Iceland Will Experience Its First Drop in Tourism This Decade
Recession might be near for the land of ice and fire
According to Isavia, Iceland’s national airport provider, the country is expecting its visitors numbers this year to regress back to a shade over eight million, the lowest figure since 2017. That might not seem like a big deal at first glance — tourism is a fickle beast, after all — but that’s a drop-off of well over a million from 2018’s numbers, and it appears directly related to WOW Air’s collapse earlier this year.
WOW Air helped catalyze Iceland’s steady increase in tourism since its inception 2011 (when only 2.5 million tourists visited the country), by offering rock-bottom flights between Europe and the United States. The nation capably climbed out of its Recession-era collapse, and leaned in heavily to its newfound “It” status in the mid-2010s. (Remember when everyone you knew was showing you pictures of a waterfall they hiked in Iceland?) Today, 30,000 of Iceland’s 350,000 people are now employed in tourism-related jobs.
But when WOW Air went down, no longer able to stomach its own shaky margins, and not a single partner emerged to cover its losses, Iceland lost a gut-wrenching 1,100 employees in a single day. Couple that with a subpar fishing season, plus cuts in interest rates from the central bank, and Iceland is bracing for a legitimate recession.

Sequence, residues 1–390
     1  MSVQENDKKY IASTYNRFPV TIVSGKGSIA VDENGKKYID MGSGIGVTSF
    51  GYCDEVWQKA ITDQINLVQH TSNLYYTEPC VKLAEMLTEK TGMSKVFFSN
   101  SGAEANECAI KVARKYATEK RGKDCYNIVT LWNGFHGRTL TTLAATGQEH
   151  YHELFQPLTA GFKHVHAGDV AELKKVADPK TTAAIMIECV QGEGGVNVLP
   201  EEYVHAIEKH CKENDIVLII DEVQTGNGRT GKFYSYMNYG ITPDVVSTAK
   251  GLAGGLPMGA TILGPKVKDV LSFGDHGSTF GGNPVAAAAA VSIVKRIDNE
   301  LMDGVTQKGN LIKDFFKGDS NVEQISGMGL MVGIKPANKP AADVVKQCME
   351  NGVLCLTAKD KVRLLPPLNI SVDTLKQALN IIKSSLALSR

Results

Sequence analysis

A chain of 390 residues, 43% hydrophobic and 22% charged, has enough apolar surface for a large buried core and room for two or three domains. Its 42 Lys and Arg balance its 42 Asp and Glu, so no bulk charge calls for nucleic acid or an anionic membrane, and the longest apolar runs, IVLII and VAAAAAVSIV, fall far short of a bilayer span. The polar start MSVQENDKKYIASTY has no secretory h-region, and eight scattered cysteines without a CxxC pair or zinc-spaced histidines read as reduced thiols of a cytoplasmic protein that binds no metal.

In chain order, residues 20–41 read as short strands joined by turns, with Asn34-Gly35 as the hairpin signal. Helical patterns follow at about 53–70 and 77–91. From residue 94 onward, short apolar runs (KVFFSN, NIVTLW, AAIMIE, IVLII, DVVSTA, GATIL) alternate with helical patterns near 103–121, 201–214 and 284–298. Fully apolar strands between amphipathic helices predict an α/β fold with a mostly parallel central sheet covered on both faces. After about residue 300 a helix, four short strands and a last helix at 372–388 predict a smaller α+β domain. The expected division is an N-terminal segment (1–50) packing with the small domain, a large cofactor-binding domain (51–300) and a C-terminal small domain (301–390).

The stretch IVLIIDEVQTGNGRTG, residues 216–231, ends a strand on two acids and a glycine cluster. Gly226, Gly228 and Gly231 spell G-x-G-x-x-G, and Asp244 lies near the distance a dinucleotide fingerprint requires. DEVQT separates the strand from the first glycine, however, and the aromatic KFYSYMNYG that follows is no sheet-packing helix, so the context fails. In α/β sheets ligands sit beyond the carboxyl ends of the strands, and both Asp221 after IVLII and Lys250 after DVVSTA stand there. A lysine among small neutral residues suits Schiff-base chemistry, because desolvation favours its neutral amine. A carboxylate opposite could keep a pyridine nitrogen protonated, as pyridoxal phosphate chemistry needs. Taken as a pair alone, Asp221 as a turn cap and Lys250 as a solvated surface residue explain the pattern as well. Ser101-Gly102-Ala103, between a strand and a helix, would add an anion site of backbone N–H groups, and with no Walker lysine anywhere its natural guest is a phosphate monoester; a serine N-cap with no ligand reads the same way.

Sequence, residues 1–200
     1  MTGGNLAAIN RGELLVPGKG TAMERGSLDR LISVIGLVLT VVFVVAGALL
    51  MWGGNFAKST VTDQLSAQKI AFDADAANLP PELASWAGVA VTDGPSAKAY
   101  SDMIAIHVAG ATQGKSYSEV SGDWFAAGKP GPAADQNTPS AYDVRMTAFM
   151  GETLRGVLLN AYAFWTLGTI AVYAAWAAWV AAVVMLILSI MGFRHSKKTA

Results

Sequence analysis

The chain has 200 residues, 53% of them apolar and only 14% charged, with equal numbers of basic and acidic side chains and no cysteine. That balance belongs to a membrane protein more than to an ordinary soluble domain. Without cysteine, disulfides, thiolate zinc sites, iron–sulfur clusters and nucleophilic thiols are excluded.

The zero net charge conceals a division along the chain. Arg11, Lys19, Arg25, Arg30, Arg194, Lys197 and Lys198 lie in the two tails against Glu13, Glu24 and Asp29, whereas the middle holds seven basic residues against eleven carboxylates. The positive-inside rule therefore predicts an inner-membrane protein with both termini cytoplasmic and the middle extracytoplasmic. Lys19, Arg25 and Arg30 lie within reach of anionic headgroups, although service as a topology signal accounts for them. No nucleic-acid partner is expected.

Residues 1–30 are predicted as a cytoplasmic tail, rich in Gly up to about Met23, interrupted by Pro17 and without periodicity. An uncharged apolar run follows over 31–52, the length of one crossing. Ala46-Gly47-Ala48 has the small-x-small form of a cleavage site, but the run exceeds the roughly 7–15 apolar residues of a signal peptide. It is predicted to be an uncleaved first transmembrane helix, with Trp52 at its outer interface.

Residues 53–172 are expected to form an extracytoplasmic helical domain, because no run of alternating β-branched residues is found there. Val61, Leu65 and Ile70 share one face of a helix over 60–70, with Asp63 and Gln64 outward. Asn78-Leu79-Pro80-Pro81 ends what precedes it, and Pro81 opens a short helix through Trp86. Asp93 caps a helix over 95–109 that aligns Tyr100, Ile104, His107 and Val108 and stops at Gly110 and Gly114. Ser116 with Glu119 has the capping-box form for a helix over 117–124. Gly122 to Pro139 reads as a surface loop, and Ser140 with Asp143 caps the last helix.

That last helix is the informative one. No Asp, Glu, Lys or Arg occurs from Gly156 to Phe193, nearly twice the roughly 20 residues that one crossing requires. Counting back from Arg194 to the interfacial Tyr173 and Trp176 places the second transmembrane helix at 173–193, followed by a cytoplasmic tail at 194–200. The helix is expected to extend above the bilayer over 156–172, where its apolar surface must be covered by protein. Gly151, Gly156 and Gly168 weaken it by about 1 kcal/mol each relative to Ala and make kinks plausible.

The good news? The reason people started visiting Iceland in the first place hasn’t gone anywhere. Iceland’s otherworldly nature is worth the price of admission (which might be up a bit, until its airline industry stabilizes, or an American carrier swoops in), and the government is fully committed to protecting its glaciers, volcanoes, waterfalls and hot springs. We had the pleasure of going a few years ago, and were unsurprised to learn that Neil Armstrong, Buzz Aldrin and Co. literally trained for their moon landing on Icelandic terrain. Go for the hikes, stay for the fish and pints. We’re in your corner, Iceland. Skål.
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